Analysis does not need to be informative if there is always another kind of knowledge for it to act upon.
For 'a posteriori' knowledge, we can obviously form referents by actually indicating real objects, so no analysis needs to be informative. Analysis can then be applied to information, and does not have to provide information itself.
But it is clear that some knowledge is 'a prior', that we have leverage on information from some basis that is integral to our minds. Even to grasp what is pointed to when someone points at a table and calls it a table, one needs a set of underlying organizing conventions that limit the range of the potential implicit pronoun created by pointing. And even below that, one needs to know that pointing is. This set of conventions allows analysis to get a foothold by the process of elimination. But if these underlying conventions do not limit the options to a finite set, no information really can be conveyed.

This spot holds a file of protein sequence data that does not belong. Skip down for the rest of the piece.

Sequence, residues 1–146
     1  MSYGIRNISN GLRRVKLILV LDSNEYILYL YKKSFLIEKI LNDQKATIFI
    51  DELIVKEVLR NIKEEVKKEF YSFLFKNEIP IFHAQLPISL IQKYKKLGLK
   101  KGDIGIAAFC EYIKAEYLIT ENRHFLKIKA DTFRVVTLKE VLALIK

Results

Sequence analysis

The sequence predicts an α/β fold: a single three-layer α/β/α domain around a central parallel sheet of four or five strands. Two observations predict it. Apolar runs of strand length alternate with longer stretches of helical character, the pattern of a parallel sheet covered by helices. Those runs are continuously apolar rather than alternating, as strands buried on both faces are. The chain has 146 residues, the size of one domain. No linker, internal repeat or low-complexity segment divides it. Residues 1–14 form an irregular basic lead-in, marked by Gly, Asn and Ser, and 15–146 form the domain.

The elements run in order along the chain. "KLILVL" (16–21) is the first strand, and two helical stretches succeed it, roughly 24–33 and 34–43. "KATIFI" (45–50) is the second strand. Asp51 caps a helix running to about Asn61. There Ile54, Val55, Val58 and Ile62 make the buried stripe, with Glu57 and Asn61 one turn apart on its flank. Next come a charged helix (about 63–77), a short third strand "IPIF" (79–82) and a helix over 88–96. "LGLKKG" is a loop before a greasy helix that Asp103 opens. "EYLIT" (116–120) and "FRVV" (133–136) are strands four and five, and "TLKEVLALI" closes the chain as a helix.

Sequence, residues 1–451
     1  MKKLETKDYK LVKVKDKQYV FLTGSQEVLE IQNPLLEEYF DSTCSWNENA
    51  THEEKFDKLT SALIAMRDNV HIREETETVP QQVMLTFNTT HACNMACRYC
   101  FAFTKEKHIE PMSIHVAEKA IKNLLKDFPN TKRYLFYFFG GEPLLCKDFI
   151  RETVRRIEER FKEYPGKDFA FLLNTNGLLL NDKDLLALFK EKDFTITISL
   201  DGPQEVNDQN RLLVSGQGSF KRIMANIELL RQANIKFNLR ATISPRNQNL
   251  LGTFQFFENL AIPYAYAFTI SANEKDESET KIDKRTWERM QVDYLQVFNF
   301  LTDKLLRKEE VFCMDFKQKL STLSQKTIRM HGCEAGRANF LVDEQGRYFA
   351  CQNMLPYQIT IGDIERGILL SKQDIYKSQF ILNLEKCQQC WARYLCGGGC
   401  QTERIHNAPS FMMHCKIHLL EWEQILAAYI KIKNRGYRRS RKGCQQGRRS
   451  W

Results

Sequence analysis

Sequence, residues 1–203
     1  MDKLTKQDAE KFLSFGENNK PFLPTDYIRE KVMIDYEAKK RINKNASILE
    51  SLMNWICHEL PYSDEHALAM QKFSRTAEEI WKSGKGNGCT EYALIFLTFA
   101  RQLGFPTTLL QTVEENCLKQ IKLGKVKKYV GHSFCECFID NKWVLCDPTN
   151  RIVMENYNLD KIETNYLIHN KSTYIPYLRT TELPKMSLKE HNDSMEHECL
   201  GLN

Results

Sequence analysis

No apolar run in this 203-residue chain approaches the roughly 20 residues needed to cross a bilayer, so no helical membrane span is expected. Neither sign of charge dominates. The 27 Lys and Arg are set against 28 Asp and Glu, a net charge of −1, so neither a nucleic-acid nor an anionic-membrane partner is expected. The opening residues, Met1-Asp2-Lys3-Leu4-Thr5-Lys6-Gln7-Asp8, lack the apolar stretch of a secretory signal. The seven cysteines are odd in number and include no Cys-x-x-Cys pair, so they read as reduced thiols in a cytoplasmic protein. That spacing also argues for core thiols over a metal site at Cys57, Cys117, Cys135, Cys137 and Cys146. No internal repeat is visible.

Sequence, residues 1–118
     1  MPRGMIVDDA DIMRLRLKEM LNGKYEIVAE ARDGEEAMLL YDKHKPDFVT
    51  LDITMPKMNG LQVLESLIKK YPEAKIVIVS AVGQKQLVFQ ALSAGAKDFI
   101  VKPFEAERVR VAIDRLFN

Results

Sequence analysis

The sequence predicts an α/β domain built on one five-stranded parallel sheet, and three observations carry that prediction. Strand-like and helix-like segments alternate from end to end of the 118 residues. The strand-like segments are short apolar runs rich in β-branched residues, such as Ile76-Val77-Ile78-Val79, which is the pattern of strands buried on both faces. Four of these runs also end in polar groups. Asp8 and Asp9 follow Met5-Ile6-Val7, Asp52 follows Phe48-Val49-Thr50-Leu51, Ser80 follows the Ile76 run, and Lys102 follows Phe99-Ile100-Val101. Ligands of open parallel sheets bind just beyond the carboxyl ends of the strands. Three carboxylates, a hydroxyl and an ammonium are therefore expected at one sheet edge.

Many people accept Kant's notion that synthetic a priori knowledge is indeed possible. There seems to be formational content present for all of us that provides enough structure for us to learn meanings from tacit references and implicit indications.
Plato's notion of anamnesis suggests that, at base, all knowledge is simply recombinations of this kind of knowlege -- that we already know everything we can learn, but need to apply analysis. So in extreme models of the mind, one does not ever have to be able to generate new synthetic knowledge. One only has to trust that it is there.
Most thinkers will not go that far, but they will go part of the way. From a naturalist point of view, we are evolved beings and we are formed from information, in the form of genetic code. So it is unlikely that none of that information ends up in our minds at birth as a basis for bootstrapping learning.
So the paradox is not really paradoxical. Analysis may be thoroughly incapable of generating information on its own. But it does not need to. Synthetic knowledge can be the ultimate source of all information, with analysis providing a different aspect of understanding than 'information'.